In June of 2010 the Stuxnet worm made it's debut to the world. Joint engineered by the United States and Israel to cripple Iran's nuclear efforts, it wasn't long before the worm was altered and turned loose on the internet spawning a number of variations of the original worm and affecting computers around the world!
Stuxnet is a computer worm discovered in June 2010 that was jointly created by the US and Israel to slow Iran’s nuclear efforts.
2006 - US military and intelligence officials propose top-secret cyber war program against Iran’s uranium enrichment program. 2007- A virtual replica of Iran’s Natanz plant is built at American national laboratories. The US and Israel join to develop a complicated computer worm. It is the most complicated computer worm the world has ever seen. 2008 - Centrifuges at the Natanz plant begin crashing. 2009 - The US estimates that “Olympic Games” set back Iran’s production of a nuclear weapon by 1.5 to 2 years. Former President Bush urges President-Elect Obama to continue “Olympic Games.” 2010: Spring - NSA and the Israelis secretive unit 8200 target 1,000 centrifuges (roughly 1/5 of Iran’s functional centrifuges), whose failure was a huge set back to Iran. A special version of the worm is developed. Summer - 130,000 computers were infected by the Stuxnet virus and copies of the worm escape Natanz and become available on the internet. Late 2010-11 - Iranian production recovers. 2011-2012 - Intelligence agencies in the US and Israel seek out new targets that could further slow Iran’s progress. Stuxnet continued to run.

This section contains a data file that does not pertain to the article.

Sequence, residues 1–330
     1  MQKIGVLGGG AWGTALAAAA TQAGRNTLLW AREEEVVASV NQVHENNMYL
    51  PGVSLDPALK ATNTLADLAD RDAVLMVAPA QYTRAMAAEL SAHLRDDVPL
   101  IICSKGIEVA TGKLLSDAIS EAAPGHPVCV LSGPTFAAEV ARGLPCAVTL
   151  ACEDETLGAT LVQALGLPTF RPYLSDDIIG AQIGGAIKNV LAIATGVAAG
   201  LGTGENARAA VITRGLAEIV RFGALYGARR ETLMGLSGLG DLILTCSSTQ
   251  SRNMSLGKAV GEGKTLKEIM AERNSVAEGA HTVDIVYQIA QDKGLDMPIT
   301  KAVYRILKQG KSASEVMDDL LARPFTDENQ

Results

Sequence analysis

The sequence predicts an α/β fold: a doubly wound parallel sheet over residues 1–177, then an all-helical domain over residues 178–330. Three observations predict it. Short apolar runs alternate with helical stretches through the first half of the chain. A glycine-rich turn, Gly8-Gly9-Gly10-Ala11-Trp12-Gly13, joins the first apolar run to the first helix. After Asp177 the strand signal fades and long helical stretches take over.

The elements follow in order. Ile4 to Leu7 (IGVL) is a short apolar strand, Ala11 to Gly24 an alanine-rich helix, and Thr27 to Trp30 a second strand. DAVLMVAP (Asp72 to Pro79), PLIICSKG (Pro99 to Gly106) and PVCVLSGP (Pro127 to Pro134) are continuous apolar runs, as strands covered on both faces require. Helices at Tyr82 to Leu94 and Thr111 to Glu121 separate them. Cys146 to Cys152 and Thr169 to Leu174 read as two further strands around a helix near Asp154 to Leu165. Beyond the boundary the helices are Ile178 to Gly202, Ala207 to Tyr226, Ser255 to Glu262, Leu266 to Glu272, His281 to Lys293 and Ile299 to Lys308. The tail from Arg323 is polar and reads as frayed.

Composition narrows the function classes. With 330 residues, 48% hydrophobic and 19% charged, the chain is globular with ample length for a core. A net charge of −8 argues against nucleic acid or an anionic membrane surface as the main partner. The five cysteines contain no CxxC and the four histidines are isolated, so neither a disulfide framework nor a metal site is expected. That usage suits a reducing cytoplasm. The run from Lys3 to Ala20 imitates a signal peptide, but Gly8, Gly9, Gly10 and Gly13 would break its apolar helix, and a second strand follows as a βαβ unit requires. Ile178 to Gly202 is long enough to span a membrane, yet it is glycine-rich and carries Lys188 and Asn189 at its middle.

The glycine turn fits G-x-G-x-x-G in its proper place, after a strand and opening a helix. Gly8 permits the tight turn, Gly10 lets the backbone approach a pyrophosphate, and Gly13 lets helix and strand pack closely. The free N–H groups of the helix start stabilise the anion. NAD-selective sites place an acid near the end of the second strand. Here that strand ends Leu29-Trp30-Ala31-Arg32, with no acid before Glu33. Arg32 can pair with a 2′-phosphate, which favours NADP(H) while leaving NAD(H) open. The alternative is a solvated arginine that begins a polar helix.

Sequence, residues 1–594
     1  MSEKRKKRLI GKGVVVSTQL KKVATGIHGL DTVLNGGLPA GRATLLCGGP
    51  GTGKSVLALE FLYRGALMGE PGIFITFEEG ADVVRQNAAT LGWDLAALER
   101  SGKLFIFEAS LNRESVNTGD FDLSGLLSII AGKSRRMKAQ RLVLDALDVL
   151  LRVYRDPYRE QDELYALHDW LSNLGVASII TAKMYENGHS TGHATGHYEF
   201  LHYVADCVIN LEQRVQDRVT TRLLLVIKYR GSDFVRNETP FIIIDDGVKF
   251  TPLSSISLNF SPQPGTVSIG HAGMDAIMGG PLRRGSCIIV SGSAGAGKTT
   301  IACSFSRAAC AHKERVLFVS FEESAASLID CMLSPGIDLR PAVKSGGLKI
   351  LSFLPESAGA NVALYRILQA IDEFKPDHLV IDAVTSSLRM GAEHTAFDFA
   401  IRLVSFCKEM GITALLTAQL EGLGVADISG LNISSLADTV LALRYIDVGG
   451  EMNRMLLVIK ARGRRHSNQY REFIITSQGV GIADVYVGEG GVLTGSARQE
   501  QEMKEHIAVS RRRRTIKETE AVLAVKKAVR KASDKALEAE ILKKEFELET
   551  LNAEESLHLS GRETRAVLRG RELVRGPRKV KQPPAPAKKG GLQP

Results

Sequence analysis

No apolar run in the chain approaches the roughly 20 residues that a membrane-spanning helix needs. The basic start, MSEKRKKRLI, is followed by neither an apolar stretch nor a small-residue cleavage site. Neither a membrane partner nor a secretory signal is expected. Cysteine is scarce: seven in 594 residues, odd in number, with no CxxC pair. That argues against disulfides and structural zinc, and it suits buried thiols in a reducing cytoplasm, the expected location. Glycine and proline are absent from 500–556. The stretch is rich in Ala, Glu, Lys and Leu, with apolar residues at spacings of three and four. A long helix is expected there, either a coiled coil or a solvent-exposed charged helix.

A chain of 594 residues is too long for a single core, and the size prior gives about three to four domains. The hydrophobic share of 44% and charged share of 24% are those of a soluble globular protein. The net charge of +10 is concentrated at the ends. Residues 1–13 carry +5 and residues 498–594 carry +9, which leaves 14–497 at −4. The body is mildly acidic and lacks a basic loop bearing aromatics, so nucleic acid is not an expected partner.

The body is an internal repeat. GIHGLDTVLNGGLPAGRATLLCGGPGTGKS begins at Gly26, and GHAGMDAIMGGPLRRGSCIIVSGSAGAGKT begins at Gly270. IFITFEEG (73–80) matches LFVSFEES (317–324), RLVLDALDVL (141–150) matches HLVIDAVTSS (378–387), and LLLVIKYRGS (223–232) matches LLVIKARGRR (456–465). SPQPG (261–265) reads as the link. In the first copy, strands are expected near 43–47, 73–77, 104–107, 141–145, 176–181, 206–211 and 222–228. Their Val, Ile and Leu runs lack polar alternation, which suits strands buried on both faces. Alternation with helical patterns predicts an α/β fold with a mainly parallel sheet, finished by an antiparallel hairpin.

Results of the Stuxnet Virus:
- Stuxnet took out 984 Centrifuges in Iran.
- The worm consists of a layered attack against three different systems, Siemens PCS 7, WinCC, and STEP7. The Current Stuxnet code will not affect computers unless they use all three systems.
- Tiffany Rad, a Hacker altered the code demonstrating how she could use the code to control prison doors without alerting the guards.
- Researchers linked some of the code in the Stuxnet worm to Flame, the most sophisticated cyber spying program ever discovered. Deployed over 5 years ago a Symantec researcher has only recently identified a component of Flame that allows operators to delete files remotely.
- June 24, 2012 0:00:01 Stuxnet: turned off
- The framework may have become the blueprint for the next big cyber weapon, Duqu, has striking similiarities to Stuxnet. According to researchers 50% of the source code and 99% of the software rules for Duqu are the same as Stuxnet. To avoid suspicion from network administrators, Duqu camouflagues its own data behind normal web traffic. Unlike Stuxnet Duqu is able to record keystrokes and collect various details of the infected system which are then encrypted and appended to an image file
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